Instead, however, he chose the road of collaboration. Not that he swallowed or muted his critique of the powers that be — he expressed his views clearly but calmly in a number of committees and forums, most famously the one that planned accessibility for the Tokyo Olympics and Paralympics that were finally held last year. He was a pragmatist, who recognized that he could best contribute to the disability movement by speaking truth to power in places where those in power would actually be listening.

I was also struck by his use of the word “competition” in his presentation that day. Many people not directly involved in the disability movement are prone to lump together different kinds of disability into an amorphous mass, and feel vaguely sympathetic or not as the case may be. But Mark, with his wealth of research and intense personal experience, recognized that different kinds of disability are received very differently by politicians, government officials and the general public. And like it or not, they are to a degree in competition for limited government funds.

For example, Mark observed that blind people in Japan seemed to get a better deal than deaf people. Japan invented the tactile yellow tiles we see at every railway station and which are now spreading to other countries around the world, whereas Japan was 25 years late on TV subtitling for deaf people. And both those groups did better than wheelchair users, who still lack access to about a third of all railway stations in Japan. I asked Mark how such differences could be explained. I received a lengthy and very illuminating lecture. I didn’t know it at the time, but I had stumbled on Chapter One of his doctoral dissertation, Politics and Prosthetics: 150 years of Disability in Japan. For instance, the Japanese system of braille was standardized in the late 19th century, whereas Japanese Sign Language remains rich in regional variation to this day. This standardized system of communication, Mark argues, gave an advantage to what he calls “blind elites” in campaigning for improvements in infrastructure. It also helped that their disability did not hinder access to public transportation as much as some other disabilities and was obviously not contagious. Thus, Mark argues, blind people in general achieved a special status in the period from the Meiji Restoration to World War II. To some degree, that advantage has survived to the present day.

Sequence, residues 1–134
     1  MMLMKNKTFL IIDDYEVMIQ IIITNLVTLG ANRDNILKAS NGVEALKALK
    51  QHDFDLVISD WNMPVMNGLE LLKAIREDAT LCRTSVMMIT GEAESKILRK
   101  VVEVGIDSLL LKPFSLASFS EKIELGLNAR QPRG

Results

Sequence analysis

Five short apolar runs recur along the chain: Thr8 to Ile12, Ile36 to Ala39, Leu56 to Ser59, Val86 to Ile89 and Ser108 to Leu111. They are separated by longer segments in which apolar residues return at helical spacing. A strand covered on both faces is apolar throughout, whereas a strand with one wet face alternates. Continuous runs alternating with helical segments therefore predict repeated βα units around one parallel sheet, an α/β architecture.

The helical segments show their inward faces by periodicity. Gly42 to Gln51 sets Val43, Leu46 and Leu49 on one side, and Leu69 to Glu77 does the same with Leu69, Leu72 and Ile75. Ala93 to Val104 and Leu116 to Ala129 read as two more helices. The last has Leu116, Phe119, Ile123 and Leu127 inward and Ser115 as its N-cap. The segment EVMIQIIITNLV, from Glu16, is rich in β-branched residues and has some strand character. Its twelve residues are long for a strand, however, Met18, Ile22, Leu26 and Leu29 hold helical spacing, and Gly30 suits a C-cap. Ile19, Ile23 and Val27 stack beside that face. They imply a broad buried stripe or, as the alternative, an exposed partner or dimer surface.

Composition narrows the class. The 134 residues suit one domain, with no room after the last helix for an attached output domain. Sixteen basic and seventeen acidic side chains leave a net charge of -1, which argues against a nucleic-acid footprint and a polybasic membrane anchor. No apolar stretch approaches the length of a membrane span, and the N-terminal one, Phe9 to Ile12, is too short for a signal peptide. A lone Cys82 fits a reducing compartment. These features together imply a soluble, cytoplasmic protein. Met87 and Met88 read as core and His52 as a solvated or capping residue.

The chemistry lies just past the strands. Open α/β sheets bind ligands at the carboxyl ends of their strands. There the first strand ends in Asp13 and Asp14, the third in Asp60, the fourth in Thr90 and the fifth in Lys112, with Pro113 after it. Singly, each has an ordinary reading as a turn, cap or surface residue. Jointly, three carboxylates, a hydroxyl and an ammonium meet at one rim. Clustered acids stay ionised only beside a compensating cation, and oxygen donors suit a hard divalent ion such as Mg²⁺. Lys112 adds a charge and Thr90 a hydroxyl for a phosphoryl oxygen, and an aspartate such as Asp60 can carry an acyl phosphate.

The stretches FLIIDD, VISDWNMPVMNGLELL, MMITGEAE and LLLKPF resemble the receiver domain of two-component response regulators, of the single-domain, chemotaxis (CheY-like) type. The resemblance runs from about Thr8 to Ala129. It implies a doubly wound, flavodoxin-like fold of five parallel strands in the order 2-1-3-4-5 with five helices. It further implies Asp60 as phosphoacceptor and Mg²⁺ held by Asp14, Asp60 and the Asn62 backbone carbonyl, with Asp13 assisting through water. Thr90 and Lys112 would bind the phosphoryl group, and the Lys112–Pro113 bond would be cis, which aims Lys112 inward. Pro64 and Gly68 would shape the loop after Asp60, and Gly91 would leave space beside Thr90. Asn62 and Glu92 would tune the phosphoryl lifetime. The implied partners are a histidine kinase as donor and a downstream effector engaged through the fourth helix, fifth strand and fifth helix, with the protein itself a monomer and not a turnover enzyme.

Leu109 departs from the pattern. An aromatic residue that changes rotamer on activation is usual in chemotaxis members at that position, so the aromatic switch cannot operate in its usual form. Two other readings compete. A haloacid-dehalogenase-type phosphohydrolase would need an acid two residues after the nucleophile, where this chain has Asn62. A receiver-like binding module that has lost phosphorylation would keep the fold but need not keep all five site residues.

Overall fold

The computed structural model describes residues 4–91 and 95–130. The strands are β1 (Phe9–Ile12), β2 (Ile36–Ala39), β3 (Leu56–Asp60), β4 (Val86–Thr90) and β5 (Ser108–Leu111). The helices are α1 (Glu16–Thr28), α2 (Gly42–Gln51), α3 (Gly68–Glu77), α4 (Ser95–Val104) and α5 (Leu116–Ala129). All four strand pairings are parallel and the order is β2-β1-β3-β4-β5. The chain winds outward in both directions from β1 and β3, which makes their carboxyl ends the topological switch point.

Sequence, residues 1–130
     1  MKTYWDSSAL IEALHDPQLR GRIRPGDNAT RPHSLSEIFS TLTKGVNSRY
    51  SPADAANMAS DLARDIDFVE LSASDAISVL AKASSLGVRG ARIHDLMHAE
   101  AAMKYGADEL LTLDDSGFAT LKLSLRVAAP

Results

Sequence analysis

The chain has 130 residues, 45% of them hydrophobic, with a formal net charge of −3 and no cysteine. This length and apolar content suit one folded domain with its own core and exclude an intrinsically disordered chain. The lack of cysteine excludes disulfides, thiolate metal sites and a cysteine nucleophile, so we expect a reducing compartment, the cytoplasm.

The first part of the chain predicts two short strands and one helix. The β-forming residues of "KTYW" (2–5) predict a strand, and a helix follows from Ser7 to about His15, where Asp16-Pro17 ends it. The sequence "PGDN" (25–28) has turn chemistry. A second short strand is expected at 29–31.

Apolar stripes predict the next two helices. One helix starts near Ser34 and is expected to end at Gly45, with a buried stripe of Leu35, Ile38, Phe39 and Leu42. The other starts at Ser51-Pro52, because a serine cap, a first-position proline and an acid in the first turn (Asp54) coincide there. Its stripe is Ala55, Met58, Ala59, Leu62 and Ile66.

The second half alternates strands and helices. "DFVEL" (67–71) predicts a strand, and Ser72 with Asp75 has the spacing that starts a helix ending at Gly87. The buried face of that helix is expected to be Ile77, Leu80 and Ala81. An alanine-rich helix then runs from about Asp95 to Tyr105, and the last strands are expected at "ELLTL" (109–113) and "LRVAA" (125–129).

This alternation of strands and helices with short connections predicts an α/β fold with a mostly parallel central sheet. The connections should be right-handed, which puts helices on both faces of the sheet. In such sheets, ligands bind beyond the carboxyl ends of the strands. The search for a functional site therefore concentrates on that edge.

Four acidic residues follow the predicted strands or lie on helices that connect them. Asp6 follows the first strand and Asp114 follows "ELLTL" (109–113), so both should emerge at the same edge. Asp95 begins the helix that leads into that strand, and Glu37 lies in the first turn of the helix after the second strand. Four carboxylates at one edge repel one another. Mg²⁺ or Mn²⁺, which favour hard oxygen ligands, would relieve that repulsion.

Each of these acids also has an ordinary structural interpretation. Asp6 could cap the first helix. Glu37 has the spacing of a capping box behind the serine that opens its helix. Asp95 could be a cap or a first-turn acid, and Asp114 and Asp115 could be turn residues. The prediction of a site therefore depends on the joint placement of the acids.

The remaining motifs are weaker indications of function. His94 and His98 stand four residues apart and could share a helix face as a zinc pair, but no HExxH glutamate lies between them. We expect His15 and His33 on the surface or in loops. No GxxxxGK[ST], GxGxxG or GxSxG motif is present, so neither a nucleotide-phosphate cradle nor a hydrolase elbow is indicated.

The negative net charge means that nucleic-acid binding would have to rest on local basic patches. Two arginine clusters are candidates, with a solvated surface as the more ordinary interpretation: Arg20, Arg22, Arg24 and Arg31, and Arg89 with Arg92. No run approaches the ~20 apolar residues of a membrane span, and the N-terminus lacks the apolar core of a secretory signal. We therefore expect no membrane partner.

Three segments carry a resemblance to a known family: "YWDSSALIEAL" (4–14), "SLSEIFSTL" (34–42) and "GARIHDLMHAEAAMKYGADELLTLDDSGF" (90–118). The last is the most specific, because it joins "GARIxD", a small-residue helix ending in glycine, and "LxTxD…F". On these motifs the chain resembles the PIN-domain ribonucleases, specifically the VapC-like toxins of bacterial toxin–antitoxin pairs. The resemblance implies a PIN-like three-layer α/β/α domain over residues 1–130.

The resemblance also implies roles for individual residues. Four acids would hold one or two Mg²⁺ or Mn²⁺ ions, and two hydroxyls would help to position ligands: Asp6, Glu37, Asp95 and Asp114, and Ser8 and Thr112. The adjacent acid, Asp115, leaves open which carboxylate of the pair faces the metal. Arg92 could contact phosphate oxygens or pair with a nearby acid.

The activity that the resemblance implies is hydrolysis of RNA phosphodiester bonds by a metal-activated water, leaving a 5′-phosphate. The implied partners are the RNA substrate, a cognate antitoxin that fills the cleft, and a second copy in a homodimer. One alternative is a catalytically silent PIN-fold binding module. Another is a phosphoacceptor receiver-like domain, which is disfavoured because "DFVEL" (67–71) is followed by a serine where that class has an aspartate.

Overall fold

At this point, we may start to feel uncomfortable. We may not be used to this talk of struggle between rival disability groups, or descriptions of some of their members as elites. There’s something here that jars with our vague feeling of sympathy for “the disabled.” And the two other themes in his presentation that day — compliance (with social norms and government regulations) and co-ordination (between diverse disability groups) — might strike some progressive disability scholars as a little too buttoned down, not quite confrontational enough.

But Mark called it like he saw it. He was a true scholar, devoted to seeking out the truth — even if that truth might be discomforting or sometimes even painful. That is why I view him as a major scholarly talent, who would undoubtedly have become a truly great scholar if his life had not been so tragically cut short.

Please do not misunderstand me. I’m not saying that Mark was resentful of people with other kinds of disability — of course not. As he stated, his ultimate aim was to achieve a truly inclusive society. That was the driving force behind his activism and his very important consulting work. But in his academic writing, any thought of political correctness or sacrificing facts to argument was banished. The best-known biography of my great hero, George Orwell, is entitled The Crystal Spirit (by George Woodcock). Like Orwell, Mark had a crystal spirit and he pursued the crystal truth — that was an absolute. And again like Orwell, he wrote in a clear, unadorned, jargon-free style that could communicate to expert and layman alike. His writing was 100% bullshit-free. He never wrote a single line that did not instantly communicate.

I can offer no higher praise. Like all of us, I’m going to miss this clear-eyed, warm-hearted, straight-talking seeker after truth.

Rest in Peace, Mark.

Tom Gill

December 21, 2022